CG: Are you vegan in all aspects of life (clothing, companies, etc.) or just in food consumption?
MM: As a vegan I try to cause the least harm to animals, earth, and humans in my choices of food, clothing, entertainment, products (vivisection), digital-camera (film), etc. I’m not “perfect” – for example I do not wear leather, wool, or silk but still own some dance shoes and ice skates that I’ve had since before going vegan and I think there are animal by-products in glue in walls and in rubber in car tires; but at least I have a Smart ForTwo car which gets 40 miles per gallon, I stay home a lot, and I believe that more alternatives to animal byproducts will be developed as animal factory farming deceases. (Btw, the second part of your question describes a plant-based eater which is also good for earth, health, budget, and animals.)
CG: What has been the most difficult part of veganism for you, if there are any?
MM: Being vegan is super awesome and finding vegan friends is easy on Meetup and social media and Plenty of Fish even has a vegan category that can be searched on.
CG: Have your expenses increased since becoming a vegan?
MM: I have saved lots of money on food, healthcare, heating, hot water, cleaning products, clothing, etc. – high-carb-low-fat vegan food is so clean it even keeps kitchen and dishes much cleaner.
CG: For people who would like to be vegan but don’t have the resources, what advice would you give about living a similar lifestyle?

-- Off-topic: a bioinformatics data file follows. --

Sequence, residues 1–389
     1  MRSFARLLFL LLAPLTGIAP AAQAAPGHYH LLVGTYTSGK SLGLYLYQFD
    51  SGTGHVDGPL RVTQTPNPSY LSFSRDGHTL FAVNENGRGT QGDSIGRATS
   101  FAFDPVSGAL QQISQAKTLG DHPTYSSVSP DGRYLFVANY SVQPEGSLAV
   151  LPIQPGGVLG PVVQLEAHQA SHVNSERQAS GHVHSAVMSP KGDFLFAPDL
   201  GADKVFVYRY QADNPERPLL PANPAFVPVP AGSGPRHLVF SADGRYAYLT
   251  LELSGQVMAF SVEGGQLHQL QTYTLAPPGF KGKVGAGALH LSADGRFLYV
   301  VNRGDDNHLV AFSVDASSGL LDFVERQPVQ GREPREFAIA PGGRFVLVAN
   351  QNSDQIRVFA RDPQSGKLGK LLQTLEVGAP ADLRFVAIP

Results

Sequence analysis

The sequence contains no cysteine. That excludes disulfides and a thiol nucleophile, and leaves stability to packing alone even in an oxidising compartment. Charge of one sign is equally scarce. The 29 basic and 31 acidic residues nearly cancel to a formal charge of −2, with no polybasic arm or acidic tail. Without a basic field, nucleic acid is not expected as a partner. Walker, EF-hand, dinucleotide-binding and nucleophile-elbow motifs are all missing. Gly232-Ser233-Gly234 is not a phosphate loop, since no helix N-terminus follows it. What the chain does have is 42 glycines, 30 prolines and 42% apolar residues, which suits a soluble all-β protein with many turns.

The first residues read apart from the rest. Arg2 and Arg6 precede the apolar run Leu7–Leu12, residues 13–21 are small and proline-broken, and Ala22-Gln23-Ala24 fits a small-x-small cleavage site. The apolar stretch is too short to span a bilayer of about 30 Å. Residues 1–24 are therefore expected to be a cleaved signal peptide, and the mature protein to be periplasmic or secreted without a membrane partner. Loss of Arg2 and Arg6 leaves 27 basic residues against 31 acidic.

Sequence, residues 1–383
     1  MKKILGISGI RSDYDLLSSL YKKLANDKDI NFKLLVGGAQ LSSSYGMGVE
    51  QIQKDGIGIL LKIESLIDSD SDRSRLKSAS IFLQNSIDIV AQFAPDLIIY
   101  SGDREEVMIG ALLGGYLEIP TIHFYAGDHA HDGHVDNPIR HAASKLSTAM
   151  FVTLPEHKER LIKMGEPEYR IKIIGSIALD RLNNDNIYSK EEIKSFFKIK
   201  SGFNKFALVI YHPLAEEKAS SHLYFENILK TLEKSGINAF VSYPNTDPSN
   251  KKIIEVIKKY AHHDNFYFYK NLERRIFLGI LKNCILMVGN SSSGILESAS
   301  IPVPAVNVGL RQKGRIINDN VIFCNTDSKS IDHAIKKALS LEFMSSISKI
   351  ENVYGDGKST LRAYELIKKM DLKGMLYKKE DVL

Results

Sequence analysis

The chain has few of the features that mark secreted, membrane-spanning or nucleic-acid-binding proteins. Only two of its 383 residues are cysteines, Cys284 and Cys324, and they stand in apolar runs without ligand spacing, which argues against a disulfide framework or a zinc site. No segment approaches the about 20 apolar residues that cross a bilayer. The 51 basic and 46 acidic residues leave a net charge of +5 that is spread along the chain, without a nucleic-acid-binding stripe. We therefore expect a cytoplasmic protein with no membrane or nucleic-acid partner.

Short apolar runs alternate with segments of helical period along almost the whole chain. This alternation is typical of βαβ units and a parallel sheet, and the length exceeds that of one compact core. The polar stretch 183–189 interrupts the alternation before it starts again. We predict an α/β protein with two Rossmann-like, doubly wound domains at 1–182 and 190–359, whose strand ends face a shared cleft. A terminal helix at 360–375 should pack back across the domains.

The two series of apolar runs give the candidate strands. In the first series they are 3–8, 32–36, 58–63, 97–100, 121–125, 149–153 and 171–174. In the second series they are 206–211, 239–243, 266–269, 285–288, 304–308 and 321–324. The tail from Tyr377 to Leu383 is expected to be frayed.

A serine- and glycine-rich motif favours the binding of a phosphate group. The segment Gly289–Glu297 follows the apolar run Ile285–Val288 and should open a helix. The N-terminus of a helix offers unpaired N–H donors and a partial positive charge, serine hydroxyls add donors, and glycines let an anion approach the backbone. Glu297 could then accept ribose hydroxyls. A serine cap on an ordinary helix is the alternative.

MM: Eating simple whole plant-based foods including bananas, raisins, oats, rice, legumes, potatoes, and greens saved me money on groceries and health care. The approximate price per pound for bananas is $.50, oats $1, rice $1, and dried lentils $1. Also there free wild edible plant-foods, food pantries, soup kitchens, and food stamps.
CG: Have you heard that people could stop climate change in 50 years or so if everyone became a vegan or vegetarian? What are your thoughts on this?
MM: I think in a hypothetical scenario in addition to renewable energy progress if one fifth of people went vegan each year over a period of five years the climate crisis would stop because factory farmed animals are slaughtered by age five. Right now there are more factory farm animals on earth than people, methane is worse than carbon, and plants sequester carbon in the soil and produce oxygen. Even if most people cut back on eating animal flesh, it would make a big difference for climate. Also, clean meat (aka lab meat, cloned meat, cultured meat) has a small carbon footprint and will be available soon and the price will come down as demand rises with 80% of people being environment and health conscious.